I think mostly people do intend that snippets they publish on their blogs get used by people for their own purposes. However, unless you explicitly say otherwise, in many countries, your blog posts are automatically copyrighted. Which normally is a good thing, it means you can’t accidently forget to protect your work! But it does mean that you need to explicitly give away the rights to anything you publish that you intend for anyone else to use freely.
So if that is your intention, I think somewhere on your blog you need to state what the deal is with your code snippets you publish. So I was having a look at what are my options.
It seems like it’s a bit of a thorny issue.
I thought it would be a simple case of saying it’s released into the public domain, however, some advice out there seems to say that releasing things into the “public domain” has problems in places like the US.
Some discussion about it can be found here :- http://stackoverflow.com/questions/259384/what-license-should-i-use-for-code-snippets-released-on-my-blog
and here http://stackoverflow.com/questions/1190628/what-license-is-public-code-under-if-no-license-is-specified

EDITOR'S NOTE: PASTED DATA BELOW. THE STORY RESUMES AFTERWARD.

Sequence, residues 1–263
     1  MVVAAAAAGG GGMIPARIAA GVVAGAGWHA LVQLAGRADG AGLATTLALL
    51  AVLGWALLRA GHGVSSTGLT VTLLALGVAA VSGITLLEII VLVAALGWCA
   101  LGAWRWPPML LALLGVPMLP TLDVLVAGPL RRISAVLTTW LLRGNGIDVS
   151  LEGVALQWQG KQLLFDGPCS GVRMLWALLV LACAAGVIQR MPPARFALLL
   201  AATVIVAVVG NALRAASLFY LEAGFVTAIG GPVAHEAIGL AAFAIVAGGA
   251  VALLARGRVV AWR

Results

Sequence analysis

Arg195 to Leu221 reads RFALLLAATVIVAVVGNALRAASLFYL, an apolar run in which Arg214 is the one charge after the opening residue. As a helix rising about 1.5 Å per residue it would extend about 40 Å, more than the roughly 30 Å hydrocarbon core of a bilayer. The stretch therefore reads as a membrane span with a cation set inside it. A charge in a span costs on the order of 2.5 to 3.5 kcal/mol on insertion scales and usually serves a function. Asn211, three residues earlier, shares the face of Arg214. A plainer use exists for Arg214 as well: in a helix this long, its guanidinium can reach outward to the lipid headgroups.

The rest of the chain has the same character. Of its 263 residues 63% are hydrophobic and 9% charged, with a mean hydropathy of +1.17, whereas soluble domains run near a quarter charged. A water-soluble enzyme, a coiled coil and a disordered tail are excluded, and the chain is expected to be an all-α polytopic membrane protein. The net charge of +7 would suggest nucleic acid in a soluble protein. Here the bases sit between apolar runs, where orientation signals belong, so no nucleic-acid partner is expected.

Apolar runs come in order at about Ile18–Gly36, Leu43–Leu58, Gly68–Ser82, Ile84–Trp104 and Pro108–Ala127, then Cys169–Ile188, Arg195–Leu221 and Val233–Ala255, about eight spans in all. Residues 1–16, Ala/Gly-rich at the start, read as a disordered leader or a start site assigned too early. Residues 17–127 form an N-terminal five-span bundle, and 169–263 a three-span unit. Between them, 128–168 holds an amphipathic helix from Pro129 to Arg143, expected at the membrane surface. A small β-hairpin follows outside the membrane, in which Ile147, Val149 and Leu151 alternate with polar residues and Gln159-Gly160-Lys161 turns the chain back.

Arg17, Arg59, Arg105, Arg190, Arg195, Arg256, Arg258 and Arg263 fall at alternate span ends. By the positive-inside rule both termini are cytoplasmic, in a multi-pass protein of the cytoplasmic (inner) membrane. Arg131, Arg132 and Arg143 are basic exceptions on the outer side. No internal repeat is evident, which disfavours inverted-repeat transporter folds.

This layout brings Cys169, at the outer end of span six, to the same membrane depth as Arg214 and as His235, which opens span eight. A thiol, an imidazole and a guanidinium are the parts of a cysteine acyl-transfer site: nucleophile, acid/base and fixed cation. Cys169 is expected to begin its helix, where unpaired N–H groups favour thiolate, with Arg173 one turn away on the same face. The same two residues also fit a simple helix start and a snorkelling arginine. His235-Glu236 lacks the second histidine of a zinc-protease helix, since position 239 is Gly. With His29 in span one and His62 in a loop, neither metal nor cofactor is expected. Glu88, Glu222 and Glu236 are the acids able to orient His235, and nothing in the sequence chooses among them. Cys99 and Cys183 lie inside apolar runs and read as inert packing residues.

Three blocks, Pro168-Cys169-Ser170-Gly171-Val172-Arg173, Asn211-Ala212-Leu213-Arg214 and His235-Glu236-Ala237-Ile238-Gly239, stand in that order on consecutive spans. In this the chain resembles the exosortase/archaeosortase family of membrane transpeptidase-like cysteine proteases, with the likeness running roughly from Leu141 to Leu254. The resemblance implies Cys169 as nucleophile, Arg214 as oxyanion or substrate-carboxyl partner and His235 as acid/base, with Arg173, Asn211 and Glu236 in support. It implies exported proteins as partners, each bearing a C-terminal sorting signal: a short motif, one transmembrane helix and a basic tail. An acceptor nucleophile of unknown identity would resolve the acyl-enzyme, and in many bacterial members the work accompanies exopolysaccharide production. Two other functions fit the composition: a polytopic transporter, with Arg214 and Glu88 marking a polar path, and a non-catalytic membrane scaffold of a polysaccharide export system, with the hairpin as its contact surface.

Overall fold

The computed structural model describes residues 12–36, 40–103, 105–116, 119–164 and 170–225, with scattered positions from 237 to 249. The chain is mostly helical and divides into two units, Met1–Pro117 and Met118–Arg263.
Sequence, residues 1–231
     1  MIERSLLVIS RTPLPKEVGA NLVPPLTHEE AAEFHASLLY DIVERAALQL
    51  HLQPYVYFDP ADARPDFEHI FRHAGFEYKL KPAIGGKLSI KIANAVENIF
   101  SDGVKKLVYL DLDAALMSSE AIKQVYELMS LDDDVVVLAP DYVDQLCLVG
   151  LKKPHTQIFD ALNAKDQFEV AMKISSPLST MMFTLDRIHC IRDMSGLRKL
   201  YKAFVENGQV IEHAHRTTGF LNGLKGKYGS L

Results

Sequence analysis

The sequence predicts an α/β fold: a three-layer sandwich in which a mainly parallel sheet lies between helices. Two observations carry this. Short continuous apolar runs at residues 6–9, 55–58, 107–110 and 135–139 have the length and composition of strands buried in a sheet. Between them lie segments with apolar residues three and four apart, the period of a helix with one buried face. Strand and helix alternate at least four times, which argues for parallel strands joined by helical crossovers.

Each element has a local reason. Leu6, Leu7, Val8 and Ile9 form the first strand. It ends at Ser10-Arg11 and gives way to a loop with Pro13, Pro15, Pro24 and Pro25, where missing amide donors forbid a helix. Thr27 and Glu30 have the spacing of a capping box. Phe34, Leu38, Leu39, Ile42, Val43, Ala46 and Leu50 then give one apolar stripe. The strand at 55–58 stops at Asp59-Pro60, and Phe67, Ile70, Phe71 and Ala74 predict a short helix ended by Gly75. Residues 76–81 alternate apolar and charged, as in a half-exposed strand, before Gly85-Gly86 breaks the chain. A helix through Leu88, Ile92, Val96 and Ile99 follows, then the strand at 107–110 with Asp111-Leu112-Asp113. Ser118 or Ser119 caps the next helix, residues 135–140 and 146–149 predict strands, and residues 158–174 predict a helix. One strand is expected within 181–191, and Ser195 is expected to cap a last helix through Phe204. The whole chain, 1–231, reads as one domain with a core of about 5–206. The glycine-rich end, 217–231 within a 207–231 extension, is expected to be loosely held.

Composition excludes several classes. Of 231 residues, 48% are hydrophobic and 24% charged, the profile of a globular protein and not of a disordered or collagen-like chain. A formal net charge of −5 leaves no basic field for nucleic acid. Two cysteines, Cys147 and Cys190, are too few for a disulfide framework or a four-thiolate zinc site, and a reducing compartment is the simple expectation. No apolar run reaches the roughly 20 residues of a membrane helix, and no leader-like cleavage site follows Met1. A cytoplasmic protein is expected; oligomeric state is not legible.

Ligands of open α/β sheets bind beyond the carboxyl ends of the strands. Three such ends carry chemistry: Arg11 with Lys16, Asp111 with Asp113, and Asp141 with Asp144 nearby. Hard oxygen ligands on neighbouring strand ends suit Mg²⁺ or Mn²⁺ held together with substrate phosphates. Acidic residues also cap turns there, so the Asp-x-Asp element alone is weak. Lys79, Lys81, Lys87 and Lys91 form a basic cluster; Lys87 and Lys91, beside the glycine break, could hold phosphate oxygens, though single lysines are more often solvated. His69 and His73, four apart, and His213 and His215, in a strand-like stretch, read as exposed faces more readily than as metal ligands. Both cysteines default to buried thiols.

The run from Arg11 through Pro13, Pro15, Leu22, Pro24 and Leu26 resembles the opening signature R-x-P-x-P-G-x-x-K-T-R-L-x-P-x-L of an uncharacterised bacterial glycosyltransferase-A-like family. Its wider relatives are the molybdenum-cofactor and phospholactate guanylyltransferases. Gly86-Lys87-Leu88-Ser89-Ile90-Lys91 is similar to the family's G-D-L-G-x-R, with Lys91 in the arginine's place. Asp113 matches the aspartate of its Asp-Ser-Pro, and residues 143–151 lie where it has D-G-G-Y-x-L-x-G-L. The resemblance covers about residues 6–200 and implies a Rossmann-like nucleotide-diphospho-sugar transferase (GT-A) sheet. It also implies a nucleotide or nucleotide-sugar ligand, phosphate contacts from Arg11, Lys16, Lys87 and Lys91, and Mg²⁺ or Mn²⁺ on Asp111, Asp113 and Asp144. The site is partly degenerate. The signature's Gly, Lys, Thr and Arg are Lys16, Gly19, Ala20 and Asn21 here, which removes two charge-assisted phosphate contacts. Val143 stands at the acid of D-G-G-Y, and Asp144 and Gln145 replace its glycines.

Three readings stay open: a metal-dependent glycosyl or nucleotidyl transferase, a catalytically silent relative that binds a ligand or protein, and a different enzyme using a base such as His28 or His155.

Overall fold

The accepted answer (which also seems consistent with other things I’ve read) is that you have to explicitly license your code to be free to use.
It seems a popular choice is the Creative Commons has CC0 license, which you can read about here :- http://creativecommons.org/choose/zero/
Which is the path I think I will go down!
It’s even more interesting to me as I’m building up an open source library of various useful C# snippets and “glue” type code, some of which is my code, some of which are derivatives of other peoples snippets. So I’m going to have to be quite careful to make sure I’m allowed to put various bits of code into a library and then license it under a MIT type license.